The man is Phil Connors (Bill Murray) a conceited, cynical, inconsiderate TV weatherman from Pittsburgh assigned to cover the Groundhog Day festivities in Punxsutawney where a groundhog is called upon every second of February to forecast how much Winter is remaining. Phil is not the sort to do quaint or kitschy, he aspires to a network gig. There's a new producer, Rita (Andie MacDowell) along for the trip along with dopey cameraman (Chris Elliot).

Phil goes to bed at the end of a frustrating day in which a storm has kept him trapped in town. He wakes up the next morning to find that it's not the next morning but the previous one. This happens again, and again and again and again and again for what director Harold Ramis has said is ten years worth of February the 2nds.

It remains a brilliant idea for a film because it is so open to interpretation. I watched it on, of all days, Groundhog Day. It got me thinking about how I would use the blessing/curse of repeating a day. For one thing I'd become fluent in French and for another I'd read all the great works of literature that I've still not gotten around to. But of course the film at it's heart is a study of how we choose to live our lives and interact with those around us. And how rare it is to get a second, let alone a 1,000th chance. Connors finally learns to embrace life and make the most of himself and be honest and loving. What a wonderful message.

We close with No Country For Old Men (2007) one of that tiny, tiny percentage of films that I believe is worthy of the tile masterpiece. The Coen Brothers made as close to perfect a film as possible, right down to and including the ending that had so many yokels saying: "huh?" It was no the nice tidy wrap up that most people want from a movie. It concluded exactly as did Cormac McCarthy's book of the same name that it was so faithfully adopted from.

It is a great gift indeed when a film allows us to decide that nagging question: then what? Besides a pat ending would have ruined the opportunity the NCFOM provides to wonder. Just who or what was Anton Chigurh (Javier Bardem)? Why the car accident? Was he meant to symbolize the grim reaper? Why the code of killing he lived by? Why did he so scrupulously avoid blood?

NCFOM is powerful meditation on death. (And is it not interesting that the two main characters who die do so off camera?) It is fascinating to watch the manner in which Chigurh dispenses it and also note how Kelly MacDonald's and Woody Harrelson's characters face the inevitable.

But what came through most clearly for me with my latest viewing was Sheriff Ed Tom Bell (Tommy Lee Jones). He has such a sad (and yet sometimes funny) wisdom about the world expressed eloquently (verbatim from the novel) at the beginning and end of the story and a few parts in between. He is involved in no acts of violence but sees its sad aftermath and is left to contemplate it. He makes two references to other heinous crimes. Like many of us Ed Tom can make no sense of this sad aspect of human behavior. Of one crime he says that you could not make such stuff up and "I'd defy you to try."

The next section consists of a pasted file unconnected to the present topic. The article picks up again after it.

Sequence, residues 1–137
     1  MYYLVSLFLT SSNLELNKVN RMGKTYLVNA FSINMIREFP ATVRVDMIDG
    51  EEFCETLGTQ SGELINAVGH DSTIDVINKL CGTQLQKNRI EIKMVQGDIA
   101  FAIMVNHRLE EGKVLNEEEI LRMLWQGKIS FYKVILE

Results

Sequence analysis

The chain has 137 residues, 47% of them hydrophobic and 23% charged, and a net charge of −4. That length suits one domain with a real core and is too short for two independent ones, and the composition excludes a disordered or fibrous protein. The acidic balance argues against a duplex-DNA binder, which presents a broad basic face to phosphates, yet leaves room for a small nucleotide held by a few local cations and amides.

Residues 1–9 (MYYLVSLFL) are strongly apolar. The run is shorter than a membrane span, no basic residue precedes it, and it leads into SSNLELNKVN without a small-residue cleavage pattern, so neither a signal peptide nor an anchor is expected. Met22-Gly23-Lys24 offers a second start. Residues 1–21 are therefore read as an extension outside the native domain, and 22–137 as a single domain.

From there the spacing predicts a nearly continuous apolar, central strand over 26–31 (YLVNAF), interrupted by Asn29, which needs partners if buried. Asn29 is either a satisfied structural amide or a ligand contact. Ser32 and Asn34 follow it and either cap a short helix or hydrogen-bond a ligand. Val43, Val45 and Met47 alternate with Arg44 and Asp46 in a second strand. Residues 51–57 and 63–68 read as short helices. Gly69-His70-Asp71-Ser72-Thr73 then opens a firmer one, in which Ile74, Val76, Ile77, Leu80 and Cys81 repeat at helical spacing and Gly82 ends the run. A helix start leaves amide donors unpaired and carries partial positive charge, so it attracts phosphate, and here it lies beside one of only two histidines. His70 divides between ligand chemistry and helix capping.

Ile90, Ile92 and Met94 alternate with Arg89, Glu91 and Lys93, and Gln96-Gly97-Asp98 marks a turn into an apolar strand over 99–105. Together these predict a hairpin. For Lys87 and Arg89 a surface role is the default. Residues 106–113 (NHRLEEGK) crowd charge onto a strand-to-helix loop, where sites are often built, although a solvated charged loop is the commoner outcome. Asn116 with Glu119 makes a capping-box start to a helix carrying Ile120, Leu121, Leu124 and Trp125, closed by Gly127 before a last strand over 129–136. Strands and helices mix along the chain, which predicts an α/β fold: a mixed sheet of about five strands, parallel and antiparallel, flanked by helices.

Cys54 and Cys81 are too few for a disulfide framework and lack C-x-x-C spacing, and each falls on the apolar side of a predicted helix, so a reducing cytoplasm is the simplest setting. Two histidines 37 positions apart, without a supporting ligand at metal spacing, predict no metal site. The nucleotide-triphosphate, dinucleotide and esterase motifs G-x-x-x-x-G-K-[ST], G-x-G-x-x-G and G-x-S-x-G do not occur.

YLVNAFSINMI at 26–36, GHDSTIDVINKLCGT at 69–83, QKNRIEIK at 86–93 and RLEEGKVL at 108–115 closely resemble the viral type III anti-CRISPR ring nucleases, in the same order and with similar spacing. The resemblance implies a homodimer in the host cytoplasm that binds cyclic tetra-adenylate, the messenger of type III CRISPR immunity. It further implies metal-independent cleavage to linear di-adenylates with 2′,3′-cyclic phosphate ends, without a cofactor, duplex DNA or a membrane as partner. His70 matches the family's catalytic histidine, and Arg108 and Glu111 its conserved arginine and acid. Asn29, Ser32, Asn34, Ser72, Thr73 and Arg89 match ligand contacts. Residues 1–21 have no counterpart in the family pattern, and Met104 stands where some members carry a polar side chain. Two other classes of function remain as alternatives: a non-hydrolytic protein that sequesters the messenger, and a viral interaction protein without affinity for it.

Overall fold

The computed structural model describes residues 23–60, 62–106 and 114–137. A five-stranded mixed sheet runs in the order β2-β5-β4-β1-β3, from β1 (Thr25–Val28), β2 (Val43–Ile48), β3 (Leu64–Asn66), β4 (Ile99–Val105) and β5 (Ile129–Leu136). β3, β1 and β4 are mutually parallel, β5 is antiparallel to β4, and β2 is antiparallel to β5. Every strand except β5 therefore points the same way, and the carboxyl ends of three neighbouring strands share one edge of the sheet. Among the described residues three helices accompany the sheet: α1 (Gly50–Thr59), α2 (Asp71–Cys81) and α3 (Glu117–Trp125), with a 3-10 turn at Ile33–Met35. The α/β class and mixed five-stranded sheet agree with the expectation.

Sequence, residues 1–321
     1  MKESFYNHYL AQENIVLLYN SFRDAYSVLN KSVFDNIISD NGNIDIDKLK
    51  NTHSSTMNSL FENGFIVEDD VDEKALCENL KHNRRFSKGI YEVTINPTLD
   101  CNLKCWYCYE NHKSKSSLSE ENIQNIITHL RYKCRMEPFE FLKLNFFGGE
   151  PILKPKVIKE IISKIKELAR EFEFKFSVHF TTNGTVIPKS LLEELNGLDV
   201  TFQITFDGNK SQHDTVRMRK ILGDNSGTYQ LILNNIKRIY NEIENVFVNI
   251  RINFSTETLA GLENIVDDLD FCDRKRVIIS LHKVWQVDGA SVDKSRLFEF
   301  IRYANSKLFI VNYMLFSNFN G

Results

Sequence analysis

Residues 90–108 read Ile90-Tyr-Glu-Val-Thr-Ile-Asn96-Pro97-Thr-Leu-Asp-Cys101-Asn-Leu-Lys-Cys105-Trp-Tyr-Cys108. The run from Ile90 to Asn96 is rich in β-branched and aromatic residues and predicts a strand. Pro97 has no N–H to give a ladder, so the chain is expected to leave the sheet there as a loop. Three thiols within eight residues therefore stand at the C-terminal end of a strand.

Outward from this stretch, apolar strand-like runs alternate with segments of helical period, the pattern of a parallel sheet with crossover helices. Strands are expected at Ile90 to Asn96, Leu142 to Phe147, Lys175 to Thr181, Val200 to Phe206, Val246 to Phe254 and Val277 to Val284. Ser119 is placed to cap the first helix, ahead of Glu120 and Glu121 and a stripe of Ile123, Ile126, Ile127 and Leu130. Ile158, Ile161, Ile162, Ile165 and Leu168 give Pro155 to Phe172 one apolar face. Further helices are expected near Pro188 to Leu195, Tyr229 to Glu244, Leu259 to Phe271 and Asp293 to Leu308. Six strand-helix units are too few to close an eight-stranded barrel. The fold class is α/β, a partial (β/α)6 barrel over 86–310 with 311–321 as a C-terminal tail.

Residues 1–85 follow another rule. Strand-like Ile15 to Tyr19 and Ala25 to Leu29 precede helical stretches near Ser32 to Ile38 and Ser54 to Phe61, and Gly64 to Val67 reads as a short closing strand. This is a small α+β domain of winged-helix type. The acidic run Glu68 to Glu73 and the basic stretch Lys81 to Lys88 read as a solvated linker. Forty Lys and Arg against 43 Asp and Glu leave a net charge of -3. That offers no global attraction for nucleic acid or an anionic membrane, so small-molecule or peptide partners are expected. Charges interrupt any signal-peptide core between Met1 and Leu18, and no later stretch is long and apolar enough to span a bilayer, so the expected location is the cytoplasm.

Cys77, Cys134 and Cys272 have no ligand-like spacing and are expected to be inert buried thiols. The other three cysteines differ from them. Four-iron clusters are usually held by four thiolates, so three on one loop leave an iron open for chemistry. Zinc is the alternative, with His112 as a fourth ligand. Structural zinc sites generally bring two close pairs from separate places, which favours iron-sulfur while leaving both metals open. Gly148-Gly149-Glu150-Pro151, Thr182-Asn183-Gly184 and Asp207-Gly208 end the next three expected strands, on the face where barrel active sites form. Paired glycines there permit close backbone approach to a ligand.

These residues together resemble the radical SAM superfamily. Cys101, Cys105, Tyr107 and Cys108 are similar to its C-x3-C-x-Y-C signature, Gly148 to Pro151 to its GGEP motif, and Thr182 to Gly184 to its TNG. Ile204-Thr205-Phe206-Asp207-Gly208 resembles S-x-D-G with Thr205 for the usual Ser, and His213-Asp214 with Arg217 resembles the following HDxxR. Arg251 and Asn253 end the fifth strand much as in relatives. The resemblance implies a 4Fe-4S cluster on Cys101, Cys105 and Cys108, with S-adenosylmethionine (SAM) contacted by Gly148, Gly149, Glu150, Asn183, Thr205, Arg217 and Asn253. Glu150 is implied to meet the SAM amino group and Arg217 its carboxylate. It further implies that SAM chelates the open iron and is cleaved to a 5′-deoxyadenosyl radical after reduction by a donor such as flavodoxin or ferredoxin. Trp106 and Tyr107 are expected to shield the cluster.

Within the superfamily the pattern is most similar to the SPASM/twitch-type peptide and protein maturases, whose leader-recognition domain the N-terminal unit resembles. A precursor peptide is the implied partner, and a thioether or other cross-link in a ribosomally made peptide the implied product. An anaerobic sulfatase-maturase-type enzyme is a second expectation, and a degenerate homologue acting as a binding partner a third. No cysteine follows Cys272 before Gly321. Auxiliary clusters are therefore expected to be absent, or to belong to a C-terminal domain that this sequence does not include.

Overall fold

This is not, in some respects, an easy film to watch. But it is so very rewarding. This is a case of film making aspiring to the power of great literature and actually succeeding. 




2 comments:

Tudor Queen said...

Beautiful. I understand what you mean about the way that, for some of us, film and 'real life' are integrally woven together. My ex used to get annoyed with my constant film references - it may be one of the reasons he's my ex!

I agree with your musings on all three films, having seen them each multiple times and always come away with something more to consider. I'd even venture into the heresy of saying that I got more from the film of "No Country For Old Men" than from the novel. And thank you for highlighting Tommy Lee Jones's exceptional but mostly underrated work in that film.

Martin Keller said...

When you say that sometimes rather than criticize we should lead the applause, I wholeheartedly agree. I've recently been thinking about art v. craft.

When you're young or just not in the know, the simplest of movies or songs can blow you away. They reach through to you, there connection to you is not jaded by your knowledge of filmmaking or songwriting or of the actual players involved. But as I've grown up and have become increasingly involved with and dependant upon movies and music, I have lost some of that organic connection. I have traded the unfettered joy of art for the interesting knowledge of craft. It's a different type of celebration and appreciation. I find things impressive instead of wonderful. Everything is qualified. But somehow, things are richer, the horizons widened, the windows are down and the breezed is blowing and now I can discriminate. I know when I'm being sold a product as opposed to being shown the depth of the human condition.

Yet I still pine for the unhindered beauty of art, and of ignorance.

Oh, and film informs my every waking moment. I could talk about it forever I think.